Later, in 2002, when the Shin Bet law was legislated under a different government, it did not include any clause related to interrogations and permission for violence in the course of interrogations. In December 2018, the High Court formulated a (precedential) distinction between the use of “torture” in interrogation and the use of “special means,” which despite being forbidden could be used in the context of the “defense of necessity” “in relevant cases.” But this is a distinction that does not exist in international law and that is not relevant to interrogatees, because there is no real difference between these means and what is called “torture.” 

The 1999 High Court decision showed Israel at its best: a state under various terror threats, which develops various means to fight it, and is capable of upholding the values of democracy and respect for the law even in difficult times that seemingly call for letting loose and responding “from the gut.” The governments that have ruled Israel in the past decade have changed these norms, more than once, by means of saying something like, “You don’t know what the Arabs do to us!”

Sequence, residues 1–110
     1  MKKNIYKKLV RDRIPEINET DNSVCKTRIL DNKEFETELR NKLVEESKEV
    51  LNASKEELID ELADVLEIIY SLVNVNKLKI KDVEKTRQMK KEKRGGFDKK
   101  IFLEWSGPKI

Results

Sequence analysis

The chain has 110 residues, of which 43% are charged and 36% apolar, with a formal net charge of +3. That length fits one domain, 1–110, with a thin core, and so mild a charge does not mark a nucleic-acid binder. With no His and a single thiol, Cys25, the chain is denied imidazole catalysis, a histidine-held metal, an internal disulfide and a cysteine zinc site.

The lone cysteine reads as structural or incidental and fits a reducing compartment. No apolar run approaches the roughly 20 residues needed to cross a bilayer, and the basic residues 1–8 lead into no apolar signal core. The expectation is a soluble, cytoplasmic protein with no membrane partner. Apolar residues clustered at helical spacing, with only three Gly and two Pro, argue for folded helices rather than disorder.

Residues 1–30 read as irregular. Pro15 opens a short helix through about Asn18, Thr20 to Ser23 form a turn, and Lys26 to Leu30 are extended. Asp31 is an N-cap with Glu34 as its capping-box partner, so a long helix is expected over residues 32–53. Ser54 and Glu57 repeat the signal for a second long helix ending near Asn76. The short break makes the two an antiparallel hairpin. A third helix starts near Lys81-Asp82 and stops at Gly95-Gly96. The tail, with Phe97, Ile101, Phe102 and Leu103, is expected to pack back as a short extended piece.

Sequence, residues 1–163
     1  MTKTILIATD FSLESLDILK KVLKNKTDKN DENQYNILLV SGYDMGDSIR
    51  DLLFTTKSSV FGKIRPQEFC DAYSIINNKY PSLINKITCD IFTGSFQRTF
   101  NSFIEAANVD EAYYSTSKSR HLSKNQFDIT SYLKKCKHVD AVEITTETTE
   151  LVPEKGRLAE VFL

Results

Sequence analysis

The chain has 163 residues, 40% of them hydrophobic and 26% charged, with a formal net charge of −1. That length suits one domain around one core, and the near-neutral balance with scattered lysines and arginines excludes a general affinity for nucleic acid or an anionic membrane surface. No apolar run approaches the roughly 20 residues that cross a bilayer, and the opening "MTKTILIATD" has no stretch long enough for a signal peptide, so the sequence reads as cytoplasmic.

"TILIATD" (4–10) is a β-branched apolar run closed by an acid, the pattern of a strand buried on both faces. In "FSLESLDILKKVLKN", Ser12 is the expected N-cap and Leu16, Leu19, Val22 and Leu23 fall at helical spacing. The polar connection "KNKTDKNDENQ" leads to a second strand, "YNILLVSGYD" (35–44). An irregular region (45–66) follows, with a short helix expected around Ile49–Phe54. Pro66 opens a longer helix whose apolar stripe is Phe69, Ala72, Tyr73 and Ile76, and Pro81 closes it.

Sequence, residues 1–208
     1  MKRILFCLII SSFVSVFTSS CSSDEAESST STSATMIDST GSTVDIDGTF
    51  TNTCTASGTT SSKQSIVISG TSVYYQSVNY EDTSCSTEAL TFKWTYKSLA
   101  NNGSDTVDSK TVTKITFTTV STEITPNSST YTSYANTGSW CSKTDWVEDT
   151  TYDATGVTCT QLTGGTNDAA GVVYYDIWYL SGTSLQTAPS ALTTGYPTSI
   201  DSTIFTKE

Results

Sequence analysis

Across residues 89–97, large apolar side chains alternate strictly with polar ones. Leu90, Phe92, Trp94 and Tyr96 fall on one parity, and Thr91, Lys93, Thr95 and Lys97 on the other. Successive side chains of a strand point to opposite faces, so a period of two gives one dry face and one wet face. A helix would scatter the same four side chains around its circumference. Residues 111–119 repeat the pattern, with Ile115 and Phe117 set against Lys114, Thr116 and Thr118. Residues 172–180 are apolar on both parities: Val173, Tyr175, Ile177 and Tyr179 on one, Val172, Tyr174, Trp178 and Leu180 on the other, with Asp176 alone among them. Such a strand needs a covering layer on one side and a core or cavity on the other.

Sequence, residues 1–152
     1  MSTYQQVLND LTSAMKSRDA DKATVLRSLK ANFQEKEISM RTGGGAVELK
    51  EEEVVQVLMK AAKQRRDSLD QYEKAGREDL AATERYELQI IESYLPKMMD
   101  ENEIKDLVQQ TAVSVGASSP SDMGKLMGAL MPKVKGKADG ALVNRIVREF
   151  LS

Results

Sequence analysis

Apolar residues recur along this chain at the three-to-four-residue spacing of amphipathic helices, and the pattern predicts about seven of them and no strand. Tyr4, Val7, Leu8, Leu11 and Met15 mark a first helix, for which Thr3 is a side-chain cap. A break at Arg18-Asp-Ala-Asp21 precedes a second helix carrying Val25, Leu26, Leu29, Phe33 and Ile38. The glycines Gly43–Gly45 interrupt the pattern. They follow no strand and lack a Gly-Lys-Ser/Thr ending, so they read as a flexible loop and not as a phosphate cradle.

We must not continue down this slippery slope, where we do not treat people — even the worst and most dangerous of them — as human beings. The terrible injuries a suspected head of a terror cell sustained could harm Israel far more than any damage that could have been caused if it didn’t use physical pressure. If the government to be formed in Israel would be a different government, it should act on this sensitive topic and return the situation to where it stood immediately following the 1999 High Court decision. Israel is capable of fighting terrorism and interrogating suspects without using violence against them. This would combine proper democratic behavior and the prevention of errors.